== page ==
Another company trying to tap the metro retail opportunity is Switzerland’s Dufry International (a global travel retailer with operations in 43 countries). It has joined hands with InterGlobe Enterprises (which operates IndiGo Airlines) to set up outlets of Hudson News & Café, which has 45 stores in LA International Airport and another 40 at JFK International Airport, New York. InterGlobe has a 15-year lease with Delhi Metro. The brightly lit outlets offer candy, chocolates, wafers, newspapers, magazines, romance and motivational literature and, of course, coffee. Of the 40 stores planned, 37 are up and running. Says Siddhanta Sharma, director at InterGlobe Retail: “Around 30 per cent of our stores on the Delhi Metro network are doing much better than expected, while another 50 per cent are matching expectations.” In some stations, the stores are located on the wrong side of the traffic, which is why about 20 per cent are performing below expectations.

If 2012 was the year for opening outlets, this year is one for consolidation. InterGlobe plans to expand its reach to Gurgaon’s upcoming Rapid Metro network as well. It is also in talks with the developers of Mumbai and Bangalore metros. All expansion on other metro networks is likely to happen in 2014. 

Another player to have understood the model is the Indian Railway Catering and Tourism Corporation. Considering that quick and clean food is a need on transit networks, it is all set to open food kiosks — Food Track — at 130 stations. These will offer a variety of snacks and quick bites, including samosas, rolls and burgers. These kiosks will also serve meals in sealed trays that users can take home and heat in a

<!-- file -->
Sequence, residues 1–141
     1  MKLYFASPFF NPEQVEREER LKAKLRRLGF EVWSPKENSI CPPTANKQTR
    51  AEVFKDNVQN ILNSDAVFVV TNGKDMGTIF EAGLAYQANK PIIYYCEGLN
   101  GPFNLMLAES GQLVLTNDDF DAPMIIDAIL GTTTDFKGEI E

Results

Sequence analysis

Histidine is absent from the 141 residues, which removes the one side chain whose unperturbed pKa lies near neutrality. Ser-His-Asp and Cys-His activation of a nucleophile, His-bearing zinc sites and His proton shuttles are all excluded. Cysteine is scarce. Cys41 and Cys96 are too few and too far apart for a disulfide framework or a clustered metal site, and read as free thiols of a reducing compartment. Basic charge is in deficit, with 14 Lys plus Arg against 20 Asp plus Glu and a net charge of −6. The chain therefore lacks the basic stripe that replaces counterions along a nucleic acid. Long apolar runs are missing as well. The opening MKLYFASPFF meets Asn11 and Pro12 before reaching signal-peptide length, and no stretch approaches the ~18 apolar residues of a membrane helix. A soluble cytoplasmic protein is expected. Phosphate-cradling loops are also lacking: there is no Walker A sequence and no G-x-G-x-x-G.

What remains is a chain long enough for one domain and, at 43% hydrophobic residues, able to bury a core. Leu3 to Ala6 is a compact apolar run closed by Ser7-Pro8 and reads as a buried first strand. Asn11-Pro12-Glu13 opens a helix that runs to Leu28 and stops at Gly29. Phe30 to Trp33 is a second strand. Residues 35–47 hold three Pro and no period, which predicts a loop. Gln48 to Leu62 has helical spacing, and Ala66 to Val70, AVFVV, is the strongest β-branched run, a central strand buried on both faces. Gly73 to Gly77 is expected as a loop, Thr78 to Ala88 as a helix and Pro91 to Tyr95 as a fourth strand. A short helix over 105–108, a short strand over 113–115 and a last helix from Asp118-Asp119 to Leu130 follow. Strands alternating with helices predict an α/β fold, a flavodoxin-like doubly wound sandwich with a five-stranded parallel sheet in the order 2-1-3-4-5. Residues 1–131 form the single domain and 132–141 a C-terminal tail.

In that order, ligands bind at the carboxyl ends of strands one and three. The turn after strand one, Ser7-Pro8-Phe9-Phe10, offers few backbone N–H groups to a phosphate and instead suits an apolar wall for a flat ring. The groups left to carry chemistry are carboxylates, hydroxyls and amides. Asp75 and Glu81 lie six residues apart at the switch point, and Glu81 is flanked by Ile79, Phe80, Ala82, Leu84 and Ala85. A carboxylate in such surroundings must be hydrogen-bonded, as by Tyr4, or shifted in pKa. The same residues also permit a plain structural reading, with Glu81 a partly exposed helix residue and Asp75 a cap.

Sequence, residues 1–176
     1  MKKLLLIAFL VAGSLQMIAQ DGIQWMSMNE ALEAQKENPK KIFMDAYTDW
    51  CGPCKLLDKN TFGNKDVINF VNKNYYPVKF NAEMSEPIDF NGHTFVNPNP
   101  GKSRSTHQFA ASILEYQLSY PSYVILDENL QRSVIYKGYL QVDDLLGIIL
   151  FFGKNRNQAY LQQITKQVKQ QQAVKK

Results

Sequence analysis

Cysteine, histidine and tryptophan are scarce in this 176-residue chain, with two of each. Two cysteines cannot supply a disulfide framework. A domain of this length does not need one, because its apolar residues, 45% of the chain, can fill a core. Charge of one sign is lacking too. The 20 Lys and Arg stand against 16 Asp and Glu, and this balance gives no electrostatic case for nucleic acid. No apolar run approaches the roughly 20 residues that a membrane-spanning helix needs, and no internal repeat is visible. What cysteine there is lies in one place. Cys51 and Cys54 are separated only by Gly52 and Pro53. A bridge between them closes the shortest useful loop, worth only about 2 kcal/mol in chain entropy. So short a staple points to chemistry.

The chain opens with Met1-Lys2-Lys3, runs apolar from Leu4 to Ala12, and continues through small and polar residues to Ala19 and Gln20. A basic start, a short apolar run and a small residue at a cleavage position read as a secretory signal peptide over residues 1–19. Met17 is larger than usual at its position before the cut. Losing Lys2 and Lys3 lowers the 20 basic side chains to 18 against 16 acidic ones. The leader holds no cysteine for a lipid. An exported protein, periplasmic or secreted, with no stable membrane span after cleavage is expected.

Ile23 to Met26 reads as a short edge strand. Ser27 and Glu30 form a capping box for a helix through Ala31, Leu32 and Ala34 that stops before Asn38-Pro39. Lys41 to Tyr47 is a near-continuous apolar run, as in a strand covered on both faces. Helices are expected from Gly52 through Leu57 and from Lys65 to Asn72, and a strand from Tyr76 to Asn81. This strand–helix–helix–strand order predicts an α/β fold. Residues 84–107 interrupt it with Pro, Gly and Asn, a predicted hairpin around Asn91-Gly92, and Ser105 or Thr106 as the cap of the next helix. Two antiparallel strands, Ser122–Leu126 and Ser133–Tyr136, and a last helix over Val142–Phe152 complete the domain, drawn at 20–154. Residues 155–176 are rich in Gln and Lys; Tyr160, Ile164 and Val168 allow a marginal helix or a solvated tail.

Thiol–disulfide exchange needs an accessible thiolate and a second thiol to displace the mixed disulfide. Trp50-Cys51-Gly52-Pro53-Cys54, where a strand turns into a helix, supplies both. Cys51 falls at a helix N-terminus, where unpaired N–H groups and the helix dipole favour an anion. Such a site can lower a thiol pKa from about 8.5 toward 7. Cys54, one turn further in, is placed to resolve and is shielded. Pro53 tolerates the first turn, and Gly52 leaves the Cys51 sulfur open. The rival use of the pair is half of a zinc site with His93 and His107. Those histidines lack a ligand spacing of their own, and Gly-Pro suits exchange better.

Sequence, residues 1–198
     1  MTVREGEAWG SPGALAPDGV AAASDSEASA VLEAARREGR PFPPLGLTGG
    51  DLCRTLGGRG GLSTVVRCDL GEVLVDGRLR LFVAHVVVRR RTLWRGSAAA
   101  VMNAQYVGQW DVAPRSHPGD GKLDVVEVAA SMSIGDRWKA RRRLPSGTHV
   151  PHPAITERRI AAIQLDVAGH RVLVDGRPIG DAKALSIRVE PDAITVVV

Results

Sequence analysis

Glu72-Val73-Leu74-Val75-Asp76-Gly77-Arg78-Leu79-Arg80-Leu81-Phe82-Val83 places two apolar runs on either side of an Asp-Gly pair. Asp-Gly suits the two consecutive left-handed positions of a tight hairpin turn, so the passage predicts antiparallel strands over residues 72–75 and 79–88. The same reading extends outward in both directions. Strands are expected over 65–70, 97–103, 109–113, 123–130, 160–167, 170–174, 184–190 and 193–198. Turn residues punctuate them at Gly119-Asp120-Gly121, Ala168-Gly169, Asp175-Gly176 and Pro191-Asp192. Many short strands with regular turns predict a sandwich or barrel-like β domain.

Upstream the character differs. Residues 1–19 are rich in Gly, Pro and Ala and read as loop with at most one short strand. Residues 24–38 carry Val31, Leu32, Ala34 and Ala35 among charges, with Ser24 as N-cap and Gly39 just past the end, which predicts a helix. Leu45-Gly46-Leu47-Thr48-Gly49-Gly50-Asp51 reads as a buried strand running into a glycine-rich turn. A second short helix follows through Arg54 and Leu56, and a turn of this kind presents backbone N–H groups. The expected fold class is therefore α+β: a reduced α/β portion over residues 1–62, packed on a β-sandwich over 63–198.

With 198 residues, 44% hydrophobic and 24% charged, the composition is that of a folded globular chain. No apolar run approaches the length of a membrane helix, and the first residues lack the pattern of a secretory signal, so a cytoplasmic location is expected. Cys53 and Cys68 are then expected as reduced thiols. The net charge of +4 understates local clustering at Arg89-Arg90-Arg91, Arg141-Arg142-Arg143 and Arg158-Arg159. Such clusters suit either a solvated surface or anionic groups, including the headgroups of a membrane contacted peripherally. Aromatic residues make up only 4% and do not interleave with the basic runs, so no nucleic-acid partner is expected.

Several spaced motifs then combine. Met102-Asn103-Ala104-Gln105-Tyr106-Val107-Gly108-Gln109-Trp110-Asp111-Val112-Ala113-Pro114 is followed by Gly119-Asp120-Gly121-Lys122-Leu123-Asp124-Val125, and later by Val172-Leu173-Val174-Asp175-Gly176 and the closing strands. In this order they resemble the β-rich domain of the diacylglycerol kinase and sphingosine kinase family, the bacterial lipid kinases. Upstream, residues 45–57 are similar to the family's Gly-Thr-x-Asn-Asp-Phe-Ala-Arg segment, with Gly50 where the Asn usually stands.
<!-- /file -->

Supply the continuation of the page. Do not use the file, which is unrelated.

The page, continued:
Over To Plan B
Despite all the activity in metro retail, it is advertising that accounts for the bulk of non-traffic revenues for the Delhi Metro —within and outside stations, and inside coaches. Retail income, at Rs 40 crore out of a total of Rs 200 crore from properties in and around metro stations, has not matched expectations.  So, Delhi Metro is now looking at other means to earn more since it has already spent close to Rs 30,000 crore in setting up the first two phases of the network. The third phase will involve an additional capital investment of Rs 35,000 crore.
‘Around 30 per cent of our stores are doing better that expected’
SIDDHANTA SHARMA, Director, InterGlobe Retail
To begin with, Delhi Metro plans to give station-naming rights to corporates. The first station that could be renamed is Sikanderpur in Gurgaon. The sponsor’s name will be included in the name.  The Rapid Metro in Gurgaon, however, plans to go a step ahead — name a station entirely after a sponsor. The corporate will also get space at the station for advertising.

The other move is to develop residential property and set up offices at metro stations. Currently, five plots have been set aside for housing. Parsvnath has started work at the Khyber Pass depot while AP Real Estate has begun work at Rithala. Other locations include Dwarka Mor, Subhash Nagar and Vishwavidyalaya stations. Delhi Metro has just kicked off the tendering process to lease out a 1.1-hectare (2.7 acre) plot at Janakpuri West station that is part of the third phase of the network to be completed in 2016. It is inviting bidders to set up a residential complex here.

Like anywhere else, retail on the metro network, too, hinges on location. While the Comesum at Inderlok station is empty, the outlet on the concourse level of the Kashmere Gate station (the interchange between the red and yellow lines) is always packed. One, it is smaller, and two, it is bang in the middle of transit traffic. This could well be the way to get people to patronise Delhi Metro retail outlets.

What could tilt things in favour of Delhi Metro is that India is short of basic retail and convenience stores, when compared to the West. As the Delhi Metro network almost doubles the present capacity by 2016, expect a lot more stores, and hopefully, more business.


(This story was published in BW | Businessworld Issue Dated 20-05-2013)